The U.S. opioid epidemic is being driven by an unprecedented surge in deaths from fentanyl and other synthetic opiates. Fentanyl’s powerful effects are long-lasting, and even tiny amounts of the drug can lead to an overdose. Antidotes, such as naloxone, do not last long enough in the body to fully counter the drug, requiring repeated injections. Now, scientists report that they are developing single-dose, longer-lasting opioid antidotes using polymer nanoparticles.
The researchers will present their results today at the American Chemical Society (ACS) Spring 2019 National Meeting & Exposition.
“We became interested in this problem while trying to make non-addictive pain medications,” Saadyah Averick, Ph.D., says. “In that course of research, we realized the limitations of current opioid antidotes.”
According to the U.S. Centers for Disease Control, opioids, such as heroin, oxycodone and fentanyl, were implicated in more than 47,000 deaths from overdose in 2017. These drugs all bind to the mu opioid receptor (MOR) in the brain, which is the body’s natural pleasure receptor, explains Averick, a scientist at Allegheny Health Network Research Institute. “The drugs bind, turn on the receptor and stimulate a euphoric feeling. The synthetic opioids, such as fentanyl, turn this on really, really well,” he says.
And their effects are long-lasting. Fentanyl, which is much stronger than morphine, another opioid, can be absorbed into fat tissue, which protects it from being metabolized right away. It is then slowly released from this tissue, causing effects for several hours. Naloxone, an MOR antagonist and antidote, only stays in the system for about 30 minutes to an hour, however. Because of this mismatch, repeated doses are required to help the patient recover. But not all patients want to undergo the entire treatment course, and they can end up succumbing to an overdose after the naloxone is metabolized.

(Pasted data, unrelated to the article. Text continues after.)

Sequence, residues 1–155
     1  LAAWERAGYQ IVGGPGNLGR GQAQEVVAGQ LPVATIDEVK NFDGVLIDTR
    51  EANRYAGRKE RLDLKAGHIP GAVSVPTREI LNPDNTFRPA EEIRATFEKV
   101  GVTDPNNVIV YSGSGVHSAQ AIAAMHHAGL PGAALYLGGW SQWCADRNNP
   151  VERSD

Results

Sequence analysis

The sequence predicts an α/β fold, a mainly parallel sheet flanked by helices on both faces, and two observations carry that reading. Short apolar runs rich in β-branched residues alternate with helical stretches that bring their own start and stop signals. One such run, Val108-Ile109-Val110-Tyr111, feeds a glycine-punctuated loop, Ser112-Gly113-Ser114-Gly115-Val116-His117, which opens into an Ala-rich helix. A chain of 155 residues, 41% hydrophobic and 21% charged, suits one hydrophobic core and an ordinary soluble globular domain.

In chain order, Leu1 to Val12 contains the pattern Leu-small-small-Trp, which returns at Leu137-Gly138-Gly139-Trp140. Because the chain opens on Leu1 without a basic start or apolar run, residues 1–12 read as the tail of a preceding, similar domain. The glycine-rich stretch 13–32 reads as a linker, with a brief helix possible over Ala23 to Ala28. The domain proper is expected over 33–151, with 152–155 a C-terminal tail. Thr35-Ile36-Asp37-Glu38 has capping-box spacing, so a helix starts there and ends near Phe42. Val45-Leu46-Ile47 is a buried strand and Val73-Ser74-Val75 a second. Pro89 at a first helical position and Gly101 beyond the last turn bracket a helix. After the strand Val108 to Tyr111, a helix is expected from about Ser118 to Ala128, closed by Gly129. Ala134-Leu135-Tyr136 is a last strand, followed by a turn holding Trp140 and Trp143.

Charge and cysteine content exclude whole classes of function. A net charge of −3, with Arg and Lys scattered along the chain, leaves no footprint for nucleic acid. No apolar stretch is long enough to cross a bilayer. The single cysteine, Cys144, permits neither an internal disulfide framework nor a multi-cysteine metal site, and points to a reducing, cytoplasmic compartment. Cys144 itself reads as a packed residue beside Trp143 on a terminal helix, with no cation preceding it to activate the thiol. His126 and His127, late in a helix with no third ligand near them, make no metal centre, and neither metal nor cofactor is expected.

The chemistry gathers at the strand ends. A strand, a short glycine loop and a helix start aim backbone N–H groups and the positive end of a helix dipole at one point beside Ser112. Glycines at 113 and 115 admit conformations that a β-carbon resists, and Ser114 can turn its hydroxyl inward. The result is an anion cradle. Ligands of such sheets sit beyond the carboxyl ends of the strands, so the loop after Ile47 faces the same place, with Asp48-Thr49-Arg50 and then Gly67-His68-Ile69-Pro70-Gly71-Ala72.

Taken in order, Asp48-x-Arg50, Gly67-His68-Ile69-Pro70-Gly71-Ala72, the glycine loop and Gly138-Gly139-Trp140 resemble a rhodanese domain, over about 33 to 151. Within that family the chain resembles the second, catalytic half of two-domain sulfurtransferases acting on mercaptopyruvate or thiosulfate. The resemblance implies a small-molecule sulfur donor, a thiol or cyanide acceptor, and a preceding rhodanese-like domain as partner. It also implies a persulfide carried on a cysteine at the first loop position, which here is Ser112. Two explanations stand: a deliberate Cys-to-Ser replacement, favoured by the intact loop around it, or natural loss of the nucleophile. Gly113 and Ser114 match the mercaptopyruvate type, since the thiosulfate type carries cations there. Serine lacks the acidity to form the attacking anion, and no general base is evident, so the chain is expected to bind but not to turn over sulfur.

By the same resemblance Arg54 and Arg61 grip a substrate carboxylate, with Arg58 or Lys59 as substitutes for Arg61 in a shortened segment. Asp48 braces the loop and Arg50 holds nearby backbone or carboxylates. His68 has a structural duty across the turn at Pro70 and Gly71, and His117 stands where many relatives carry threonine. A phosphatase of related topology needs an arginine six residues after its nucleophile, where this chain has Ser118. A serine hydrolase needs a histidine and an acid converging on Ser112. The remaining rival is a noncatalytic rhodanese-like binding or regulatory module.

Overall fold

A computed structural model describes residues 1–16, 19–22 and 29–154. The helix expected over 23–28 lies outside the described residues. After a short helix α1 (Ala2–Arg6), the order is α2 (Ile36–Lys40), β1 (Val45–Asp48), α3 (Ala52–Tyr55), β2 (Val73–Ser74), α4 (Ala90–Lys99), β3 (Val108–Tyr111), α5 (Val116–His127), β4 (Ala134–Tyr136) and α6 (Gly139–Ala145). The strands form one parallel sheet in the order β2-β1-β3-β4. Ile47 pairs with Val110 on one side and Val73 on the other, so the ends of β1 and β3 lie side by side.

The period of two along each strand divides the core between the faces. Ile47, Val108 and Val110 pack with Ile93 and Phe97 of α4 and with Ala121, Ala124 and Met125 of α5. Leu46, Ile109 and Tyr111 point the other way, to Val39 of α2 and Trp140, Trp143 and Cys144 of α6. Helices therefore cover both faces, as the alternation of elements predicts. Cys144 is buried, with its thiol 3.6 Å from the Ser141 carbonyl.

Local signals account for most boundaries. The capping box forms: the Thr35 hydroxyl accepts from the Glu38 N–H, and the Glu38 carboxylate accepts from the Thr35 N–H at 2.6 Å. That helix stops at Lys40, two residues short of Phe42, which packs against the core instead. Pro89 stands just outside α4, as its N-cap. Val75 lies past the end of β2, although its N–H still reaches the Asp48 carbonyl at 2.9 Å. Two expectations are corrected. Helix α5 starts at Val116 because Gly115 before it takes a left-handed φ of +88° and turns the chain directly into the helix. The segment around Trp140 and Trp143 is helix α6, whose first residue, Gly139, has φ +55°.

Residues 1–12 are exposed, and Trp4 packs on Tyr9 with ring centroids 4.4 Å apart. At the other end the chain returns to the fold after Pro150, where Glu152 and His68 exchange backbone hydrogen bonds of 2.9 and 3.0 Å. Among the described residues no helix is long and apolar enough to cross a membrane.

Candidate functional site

To overcome this challenge, Averick and his colleagues developed a drug delivery system intended to ensure that a steady, sufficient dose of antagonist is delivered over 24 hours. The researchers reacted naloxone, which has a multi-ringed chemical structure, with polylactic acid (PLA), thus creating a naloxone polymer. They then prepared covalent nanoparticles (CNPs) by adding this polymer to a solution of polyvinyl alcohol. They used a variety of analytical methods to purify and analyze the resulting particles, which are 300 nanometers in diameter.
“In collaboration with the Benedict Kolber laboratory at Duquesne University, proof-of-concept research has shown that these nanoparticles can deliver sufficient naloxone in a linear time-release fashion to block morphine’s analgesic effect for 24 hours,” Averick notes. “As a next step, the study will be extended to fentanyl.” Although the most recent work was performed with mice, future studies will include an animal model that more closely simulates how humans metabolize opioids.
The researchers are also planning to investigate how particle size impacts naloxone release from the nanoparticle. “Ultimately, we hope to develop a therapeutic intervention for fentanyl overdose that can be used in the field, perhaps supplanting short-acting naloxone as an overdose antidote of choice,” Averick says. “We anticipate that this drug delivery system will also be effective for other non-fentanyl opioids.”
Given the fact that naloxone and the other compounds the team uses are already deemed safe, Averick predicts that the time-to-market could be less than five years for the nanoparticle system.
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